The long-range financial strategy created the perfect context for assessing the long-range financial implications of the price of government and the items that typically lead to expenditures in a long-range forecast.
The Price of Government, by David Osborne and Peter Hutchinson, the book that suggested both the price of government revenue model and budgeting for outcomes, suggests that a long-range financial plan should follow the "five by five" model--projecting five numbers (revenues, expenditures, the net difference between revenues and expenditures, beginning fund balance, and ending fund balance) over five years.
A complete description of "The Price of Government
: Budgeting for Outcomes" as well as registration information are also available on the NLC website.
Hence the term "price of government." The authors propose that governments find the "right price" through a historical review of taxes and fees, then prioritize and determine services to be purchased at this price.
For example, the authors' state, "Frightened by the economic damage done by the Reagan-Bush deficits, voters sent a clear message in the 1992 election," suggesting the price of government had fluctuated too low and the correction was reflected in the election of Bill Clinton.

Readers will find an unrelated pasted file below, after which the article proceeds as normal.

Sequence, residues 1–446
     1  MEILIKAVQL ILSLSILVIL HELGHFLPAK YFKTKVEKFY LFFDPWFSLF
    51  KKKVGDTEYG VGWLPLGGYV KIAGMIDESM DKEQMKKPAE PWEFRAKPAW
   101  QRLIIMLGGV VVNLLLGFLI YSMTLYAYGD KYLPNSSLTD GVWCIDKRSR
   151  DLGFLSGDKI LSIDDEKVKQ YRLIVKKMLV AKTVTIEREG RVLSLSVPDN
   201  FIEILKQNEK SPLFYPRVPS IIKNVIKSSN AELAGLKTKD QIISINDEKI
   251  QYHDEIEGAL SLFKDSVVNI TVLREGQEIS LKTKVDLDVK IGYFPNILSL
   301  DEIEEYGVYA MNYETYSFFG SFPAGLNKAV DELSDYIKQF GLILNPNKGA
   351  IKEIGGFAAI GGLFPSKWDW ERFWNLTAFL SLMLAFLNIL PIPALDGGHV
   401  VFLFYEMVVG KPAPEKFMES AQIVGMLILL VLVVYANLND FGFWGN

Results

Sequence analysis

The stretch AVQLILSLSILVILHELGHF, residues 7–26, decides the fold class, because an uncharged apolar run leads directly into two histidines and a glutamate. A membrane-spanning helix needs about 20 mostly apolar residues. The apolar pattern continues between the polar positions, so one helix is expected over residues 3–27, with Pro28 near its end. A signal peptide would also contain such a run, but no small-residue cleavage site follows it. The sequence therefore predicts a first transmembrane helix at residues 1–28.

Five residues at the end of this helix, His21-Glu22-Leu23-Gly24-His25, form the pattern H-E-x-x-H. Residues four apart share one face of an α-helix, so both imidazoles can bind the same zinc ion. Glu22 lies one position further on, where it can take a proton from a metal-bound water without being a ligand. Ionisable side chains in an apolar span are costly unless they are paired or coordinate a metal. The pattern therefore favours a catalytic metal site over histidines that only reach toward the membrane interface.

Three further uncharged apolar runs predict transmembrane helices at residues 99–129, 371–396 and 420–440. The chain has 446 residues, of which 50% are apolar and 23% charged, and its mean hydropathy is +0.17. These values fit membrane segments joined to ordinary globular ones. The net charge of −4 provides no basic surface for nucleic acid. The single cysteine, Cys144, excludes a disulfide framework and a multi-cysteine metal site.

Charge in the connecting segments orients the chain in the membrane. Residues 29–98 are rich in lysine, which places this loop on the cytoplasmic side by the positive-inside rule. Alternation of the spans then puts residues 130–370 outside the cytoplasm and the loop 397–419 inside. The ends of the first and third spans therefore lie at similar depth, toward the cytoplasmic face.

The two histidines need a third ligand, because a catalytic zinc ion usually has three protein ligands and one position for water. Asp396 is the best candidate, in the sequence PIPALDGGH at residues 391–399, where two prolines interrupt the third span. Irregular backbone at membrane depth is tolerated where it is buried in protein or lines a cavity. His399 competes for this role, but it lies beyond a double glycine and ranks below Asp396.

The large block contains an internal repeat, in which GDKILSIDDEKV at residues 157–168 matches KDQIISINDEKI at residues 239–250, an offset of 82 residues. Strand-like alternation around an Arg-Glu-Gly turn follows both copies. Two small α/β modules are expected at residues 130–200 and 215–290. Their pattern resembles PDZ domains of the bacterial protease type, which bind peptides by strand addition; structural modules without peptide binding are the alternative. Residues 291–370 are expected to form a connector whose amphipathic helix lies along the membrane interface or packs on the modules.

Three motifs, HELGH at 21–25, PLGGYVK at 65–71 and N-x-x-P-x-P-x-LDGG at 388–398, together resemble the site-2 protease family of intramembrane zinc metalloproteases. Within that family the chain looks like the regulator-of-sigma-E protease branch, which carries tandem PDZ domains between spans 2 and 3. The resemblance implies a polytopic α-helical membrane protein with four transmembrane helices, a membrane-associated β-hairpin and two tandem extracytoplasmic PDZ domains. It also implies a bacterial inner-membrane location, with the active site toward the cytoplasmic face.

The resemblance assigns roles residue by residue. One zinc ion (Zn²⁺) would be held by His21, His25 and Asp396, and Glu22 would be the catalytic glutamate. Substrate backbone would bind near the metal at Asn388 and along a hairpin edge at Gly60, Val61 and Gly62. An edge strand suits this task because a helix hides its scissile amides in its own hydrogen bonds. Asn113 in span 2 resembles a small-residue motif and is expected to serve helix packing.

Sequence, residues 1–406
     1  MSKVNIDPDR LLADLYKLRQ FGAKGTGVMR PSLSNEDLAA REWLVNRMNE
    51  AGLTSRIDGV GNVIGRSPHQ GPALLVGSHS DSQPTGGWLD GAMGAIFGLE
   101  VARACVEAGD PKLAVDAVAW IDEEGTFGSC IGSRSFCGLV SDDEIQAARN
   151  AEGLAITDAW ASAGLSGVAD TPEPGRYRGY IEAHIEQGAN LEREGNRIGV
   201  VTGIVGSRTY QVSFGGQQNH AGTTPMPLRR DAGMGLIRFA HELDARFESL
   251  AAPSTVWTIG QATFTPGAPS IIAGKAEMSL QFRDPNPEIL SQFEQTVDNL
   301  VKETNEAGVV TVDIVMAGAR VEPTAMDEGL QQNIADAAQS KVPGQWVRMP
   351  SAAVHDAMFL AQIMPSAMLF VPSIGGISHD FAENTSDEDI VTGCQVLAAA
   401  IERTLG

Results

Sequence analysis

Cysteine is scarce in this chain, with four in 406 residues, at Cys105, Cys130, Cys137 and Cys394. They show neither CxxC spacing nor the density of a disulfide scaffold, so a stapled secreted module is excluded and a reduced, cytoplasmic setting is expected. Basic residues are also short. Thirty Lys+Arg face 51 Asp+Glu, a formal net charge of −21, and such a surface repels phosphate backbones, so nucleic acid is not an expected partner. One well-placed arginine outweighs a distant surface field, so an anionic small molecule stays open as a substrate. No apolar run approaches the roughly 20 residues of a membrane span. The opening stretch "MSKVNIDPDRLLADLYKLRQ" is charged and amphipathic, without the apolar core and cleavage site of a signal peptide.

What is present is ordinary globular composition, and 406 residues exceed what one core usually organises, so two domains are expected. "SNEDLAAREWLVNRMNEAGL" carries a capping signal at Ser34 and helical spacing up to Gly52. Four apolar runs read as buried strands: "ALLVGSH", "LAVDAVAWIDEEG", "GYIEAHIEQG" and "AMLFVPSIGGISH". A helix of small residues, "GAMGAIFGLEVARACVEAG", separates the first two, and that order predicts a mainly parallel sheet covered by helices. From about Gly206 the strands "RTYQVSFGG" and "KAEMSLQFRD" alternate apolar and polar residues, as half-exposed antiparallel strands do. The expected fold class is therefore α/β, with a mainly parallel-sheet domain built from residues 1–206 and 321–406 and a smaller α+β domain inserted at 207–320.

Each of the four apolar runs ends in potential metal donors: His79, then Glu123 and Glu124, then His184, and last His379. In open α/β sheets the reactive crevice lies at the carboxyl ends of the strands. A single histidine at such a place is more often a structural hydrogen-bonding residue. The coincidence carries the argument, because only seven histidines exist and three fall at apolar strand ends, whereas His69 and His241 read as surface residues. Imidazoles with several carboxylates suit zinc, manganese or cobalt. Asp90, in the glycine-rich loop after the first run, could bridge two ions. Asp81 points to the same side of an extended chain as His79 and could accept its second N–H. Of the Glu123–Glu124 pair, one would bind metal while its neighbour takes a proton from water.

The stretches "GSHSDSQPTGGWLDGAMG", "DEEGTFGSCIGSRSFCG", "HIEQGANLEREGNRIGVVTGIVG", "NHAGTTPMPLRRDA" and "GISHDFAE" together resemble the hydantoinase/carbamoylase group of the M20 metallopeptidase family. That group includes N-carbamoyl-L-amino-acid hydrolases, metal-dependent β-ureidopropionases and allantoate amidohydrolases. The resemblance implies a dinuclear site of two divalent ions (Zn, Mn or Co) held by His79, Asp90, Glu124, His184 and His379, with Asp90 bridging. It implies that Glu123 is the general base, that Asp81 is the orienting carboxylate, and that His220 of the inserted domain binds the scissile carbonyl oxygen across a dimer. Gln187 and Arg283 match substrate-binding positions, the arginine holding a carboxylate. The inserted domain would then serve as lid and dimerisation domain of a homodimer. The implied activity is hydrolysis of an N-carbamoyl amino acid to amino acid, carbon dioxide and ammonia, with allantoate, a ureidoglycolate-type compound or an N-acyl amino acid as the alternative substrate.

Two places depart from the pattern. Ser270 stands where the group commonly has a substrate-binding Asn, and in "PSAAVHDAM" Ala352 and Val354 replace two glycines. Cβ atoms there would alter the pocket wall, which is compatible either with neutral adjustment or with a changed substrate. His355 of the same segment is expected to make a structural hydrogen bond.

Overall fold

Determine the Price of Government
(How much revenue will be available?)
If the price of government
goes too high, incumbents get ousted or anti-tax initiatives get passed.
This so-called "price of government"--it's actually the sum of all taxes and fees divided by the area's aggregate personal income--functions much like a thermometer.
If it gets too low and the services people really want (police, roads, health, schools, etc.) start to slip seriously, citizens start pushing the price of government back up by electing more free-spending officeholders or passing referendums for added services.
The Price of Government
goes beyond traditional left and right wing politics.
The price of government is the amount citizens pay in local taxes, fees, and charges from each dollar of personal income.
There is no one "right" price of government. Indeed, each jurisdiction approaches this issue differently.